The unfeasibility of the Social Credit solution
by Gabriel Martinez
I thoroughly share Oliver Heydorn’s concern for the way in which the debt-finance system oppresses many. Indeed, my research has been on how the irresponsible use of debt created economic chaos in Ecuador. Nevertheless, I think that three main points of criticism can be pointed out from an economist’s perspective: on the nature of fractional reserve banking, on the sufficiency of money supply relative to output, and on Social Credit itself.
First, Mr. Heydorn rightly points out that the banking system creates money by the process of lending. This is the process: Smith takes his $100 to a bank. The bank lends $90 of it out to Jones. Jones takes the $90 and with it he opens a new bank account. Result: you have a total of $190. And so on.
Out of this $190, the original $100 in cash is “true” paper money while the $90 is just credit money. Can a bank charge interest on credit money? Mr. Heydorn argues that it can’t, because credit money is created ex nihilo, without any cost. “The problem with the fractional reserve system is that although it cost the financiers little or nothing to create this new money, they nevertheless insist on interest payments…. [T]he loan is not the product of a cost-generating process.”
We can infer that Mr. Heydorn has never worked at a bank. Indeed, we ought to infer that he has never applied for a car loan or a mortgage. Anyone who has experienced the loan process (on either side) can testify that considerable work and effort goes into making a loan (from identifying a suitable loan candidate, to presenting attractive offices, to persecuting delinquent debtors, etc.)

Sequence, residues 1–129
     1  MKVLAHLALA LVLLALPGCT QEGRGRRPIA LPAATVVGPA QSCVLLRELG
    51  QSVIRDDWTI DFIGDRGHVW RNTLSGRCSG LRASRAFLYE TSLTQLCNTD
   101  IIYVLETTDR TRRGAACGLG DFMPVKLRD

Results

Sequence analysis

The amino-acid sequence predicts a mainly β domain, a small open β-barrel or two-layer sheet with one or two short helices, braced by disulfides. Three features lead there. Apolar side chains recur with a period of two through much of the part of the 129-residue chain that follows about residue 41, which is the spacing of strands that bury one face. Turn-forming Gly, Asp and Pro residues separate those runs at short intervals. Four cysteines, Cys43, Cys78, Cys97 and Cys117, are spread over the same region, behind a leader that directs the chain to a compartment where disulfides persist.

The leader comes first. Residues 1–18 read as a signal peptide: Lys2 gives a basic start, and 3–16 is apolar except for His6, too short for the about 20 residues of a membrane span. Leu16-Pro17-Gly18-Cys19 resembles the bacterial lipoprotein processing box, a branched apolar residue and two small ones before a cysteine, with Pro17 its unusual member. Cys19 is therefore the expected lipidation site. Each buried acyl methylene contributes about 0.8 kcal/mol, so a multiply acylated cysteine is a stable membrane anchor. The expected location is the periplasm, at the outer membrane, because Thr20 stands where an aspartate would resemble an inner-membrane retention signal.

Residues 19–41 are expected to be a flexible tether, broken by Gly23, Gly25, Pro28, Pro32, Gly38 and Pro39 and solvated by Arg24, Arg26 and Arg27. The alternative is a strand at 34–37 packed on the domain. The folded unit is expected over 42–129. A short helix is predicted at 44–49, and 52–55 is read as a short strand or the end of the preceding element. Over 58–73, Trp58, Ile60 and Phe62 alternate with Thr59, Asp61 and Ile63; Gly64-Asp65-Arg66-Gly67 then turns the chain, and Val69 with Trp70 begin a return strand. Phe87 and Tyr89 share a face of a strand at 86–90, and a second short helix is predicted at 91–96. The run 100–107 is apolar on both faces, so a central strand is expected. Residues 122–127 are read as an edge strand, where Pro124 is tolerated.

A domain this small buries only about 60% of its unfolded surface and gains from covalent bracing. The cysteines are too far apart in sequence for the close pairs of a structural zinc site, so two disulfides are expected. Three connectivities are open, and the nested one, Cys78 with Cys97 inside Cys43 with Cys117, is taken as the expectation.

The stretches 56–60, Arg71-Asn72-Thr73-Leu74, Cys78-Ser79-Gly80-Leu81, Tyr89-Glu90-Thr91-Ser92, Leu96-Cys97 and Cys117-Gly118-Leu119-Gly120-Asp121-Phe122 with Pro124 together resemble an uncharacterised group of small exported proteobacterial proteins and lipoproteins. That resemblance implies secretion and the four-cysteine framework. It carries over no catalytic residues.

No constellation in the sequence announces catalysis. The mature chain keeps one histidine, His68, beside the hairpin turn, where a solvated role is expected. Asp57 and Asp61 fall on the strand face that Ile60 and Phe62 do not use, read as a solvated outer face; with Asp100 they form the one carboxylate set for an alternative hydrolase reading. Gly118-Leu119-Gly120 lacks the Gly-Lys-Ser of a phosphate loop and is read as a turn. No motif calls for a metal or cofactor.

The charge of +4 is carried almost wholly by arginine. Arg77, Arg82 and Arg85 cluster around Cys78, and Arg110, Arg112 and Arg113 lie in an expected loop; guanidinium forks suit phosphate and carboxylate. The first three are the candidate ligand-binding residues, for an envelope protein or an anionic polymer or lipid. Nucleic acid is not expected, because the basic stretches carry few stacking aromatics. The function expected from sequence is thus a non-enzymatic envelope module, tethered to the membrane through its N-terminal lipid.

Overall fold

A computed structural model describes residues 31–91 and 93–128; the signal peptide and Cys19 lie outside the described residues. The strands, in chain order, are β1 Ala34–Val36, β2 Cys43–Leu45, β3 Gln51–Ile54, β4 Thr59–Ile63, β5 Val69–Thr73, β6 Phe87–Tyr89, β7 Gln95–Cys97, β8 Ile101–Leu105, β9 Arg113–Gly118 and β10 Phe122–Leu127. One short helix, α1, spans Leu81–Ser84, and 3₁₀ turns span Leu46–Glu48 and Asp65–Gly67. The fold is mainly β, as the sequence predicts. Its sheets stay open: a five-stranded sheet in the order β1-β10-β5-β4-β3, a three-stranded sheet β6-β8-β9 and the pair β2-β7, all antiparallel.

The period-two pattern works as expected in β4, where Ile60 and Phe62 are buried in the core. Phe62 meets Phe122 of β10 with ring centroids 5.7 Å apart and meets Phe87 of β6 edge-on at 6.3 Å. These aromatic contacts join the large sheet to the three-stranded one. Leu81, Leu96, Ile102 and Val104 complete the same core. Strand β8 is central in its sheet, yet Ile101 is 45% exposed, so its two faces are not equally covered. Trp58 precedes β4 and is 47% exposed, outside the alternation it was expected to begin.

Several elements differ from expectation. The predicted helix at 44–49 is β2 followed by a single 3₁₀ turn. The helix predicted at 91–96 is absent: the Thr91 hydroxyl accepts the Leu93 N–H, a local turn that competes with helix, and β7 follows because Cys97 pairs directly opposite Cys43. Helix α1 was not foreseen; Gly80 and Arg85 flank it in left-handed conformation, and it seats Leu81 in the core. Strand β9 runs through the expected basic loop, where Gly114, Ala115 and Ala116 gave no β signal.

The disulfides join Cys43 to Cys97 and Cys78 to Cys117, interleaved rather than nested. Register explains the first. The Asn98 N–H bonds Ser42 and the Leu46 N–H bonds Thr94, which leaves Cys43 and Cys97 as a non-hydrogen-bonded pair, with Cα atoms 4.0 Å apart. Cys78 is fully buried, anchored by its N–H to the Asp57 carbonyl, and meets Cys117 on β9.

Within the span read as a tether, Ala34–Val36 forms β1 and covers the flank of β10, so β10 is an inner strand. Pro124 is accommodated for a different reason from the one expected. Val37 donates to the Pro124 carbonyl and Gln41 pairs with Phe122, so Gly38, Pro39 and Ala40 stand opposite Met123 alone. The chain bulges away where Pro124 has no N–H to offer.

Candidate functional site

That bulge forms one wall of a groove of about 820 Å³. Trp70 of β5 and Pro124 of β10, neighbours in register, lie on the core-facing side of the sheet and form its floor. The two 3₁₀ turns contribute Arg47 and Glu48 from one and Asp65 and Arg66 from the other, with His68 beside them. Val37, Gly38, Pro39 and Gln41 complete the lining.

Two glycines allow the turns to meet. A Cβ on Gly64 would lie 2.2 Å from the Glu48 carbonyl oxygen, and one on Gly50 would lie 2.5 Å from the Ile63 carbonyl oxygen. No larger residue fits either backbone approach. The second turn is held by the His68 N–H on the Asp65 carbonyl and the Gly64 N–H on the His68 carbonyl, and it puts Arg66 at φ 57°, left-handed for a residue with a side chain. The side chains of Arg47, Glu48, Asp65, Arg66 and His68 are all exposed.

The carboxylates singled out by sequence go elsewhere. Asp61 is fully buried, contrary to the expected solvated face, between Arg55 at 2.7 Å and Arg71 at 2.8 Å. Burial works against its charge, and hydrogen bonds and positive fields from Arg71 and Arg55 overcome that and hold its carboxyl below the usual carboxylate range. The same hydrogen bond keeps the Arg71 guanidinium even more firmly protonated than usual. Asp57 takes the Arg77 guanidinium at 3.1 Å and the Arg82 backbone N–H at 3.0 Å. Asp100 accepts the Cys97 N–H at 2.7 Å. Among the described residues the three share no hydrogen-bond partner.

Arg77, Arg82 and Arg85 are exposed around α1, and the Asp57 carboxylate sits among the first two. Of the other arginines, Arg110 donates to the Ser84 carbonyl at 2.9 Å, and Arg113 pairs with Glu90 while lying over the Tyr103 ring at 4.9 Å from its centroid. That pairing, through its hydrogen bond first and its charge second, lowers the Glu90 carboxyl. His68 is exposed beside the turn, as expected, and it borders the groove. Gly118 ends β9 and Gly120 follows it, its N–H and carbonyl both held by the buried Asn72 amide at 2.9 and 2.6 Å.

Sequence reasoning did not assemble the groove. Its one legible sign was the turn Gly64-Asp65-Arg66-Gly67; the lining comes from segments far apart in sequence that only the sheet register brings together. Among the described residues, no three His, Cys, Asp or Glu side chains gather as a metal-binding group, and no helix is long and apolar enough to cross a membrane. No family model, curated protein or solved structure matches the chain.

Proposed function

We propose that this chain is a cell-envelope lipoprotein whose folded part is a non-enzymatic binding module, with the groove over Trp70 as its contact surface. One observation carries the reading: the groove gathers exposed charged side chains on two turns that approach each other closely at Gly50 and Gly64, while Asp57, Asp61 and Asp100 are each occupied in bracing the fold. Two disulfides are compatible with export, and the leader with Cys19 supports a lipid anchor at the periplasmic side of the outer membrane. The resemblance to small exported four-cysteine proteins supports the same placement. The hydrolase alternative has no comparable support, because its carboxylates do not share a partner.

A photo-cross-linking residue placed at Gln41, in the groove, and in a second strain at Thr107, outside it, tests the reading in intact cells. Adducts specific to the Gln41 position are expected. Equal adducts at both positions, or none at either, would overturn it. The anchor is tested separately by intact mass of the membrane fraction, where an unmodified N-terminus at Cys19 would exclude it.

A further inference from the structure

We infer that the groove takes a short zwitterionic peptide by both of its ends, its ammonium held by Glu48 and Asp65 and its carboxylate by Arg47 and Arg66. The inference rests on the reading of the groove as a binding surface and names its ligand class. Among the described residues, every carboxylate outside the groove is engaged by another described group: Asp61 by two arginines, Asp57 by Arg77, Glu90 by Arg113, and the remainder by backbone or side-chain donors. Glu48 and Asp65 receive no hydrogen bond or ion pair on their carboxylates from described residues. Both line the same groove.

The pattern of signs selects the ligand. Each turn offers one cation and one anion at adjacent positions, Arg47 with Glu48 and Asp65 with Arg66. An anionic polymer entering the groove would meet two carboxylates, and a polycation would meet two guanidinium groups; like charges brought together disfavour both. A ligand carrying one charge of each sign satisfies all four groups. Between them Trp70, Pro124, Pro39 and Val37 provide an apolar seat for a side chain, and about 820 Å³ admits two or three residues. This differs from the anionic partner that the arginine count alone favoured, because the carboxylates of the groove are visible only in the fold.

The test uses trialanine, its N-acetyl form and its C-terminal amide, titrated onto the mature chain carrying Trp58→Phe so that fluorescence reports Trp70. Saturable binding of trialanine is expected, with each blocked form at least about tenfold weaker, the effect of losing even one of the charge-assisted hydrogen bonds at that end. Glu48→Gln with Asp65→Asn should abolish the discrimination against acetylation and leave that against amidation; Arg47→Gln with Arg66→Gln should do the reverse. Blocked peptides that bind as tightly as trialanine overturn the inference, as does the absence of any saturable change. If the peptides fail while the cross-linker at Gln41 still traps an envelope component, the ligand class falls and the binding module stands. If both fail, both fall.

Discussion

Moreover, loans are not created ex nihilo. Consider what would happen if Smith withdrew his $100 from the bank. The bank would be forced to call in Jones’s $90 loan. That is, banks need deposits to make loans. Bank employees can testify to the enormous effort that goes into getting people to trust a bank with their money. If Jones gets $90, it is only because Murphy spent endless hours making the bank attractive to depositors (which, incidentally, includes persecuting delinquent debtors.)
People are often happy to receive loans. For instance, students are very happy not to have to pay college tuition right away; they can cover their tuition with loans. Where does that money come from? It comes from the effort of the bank employee and the trust of the depositor. I believe that that effort (and risk-taking) and that trust deserve compensation.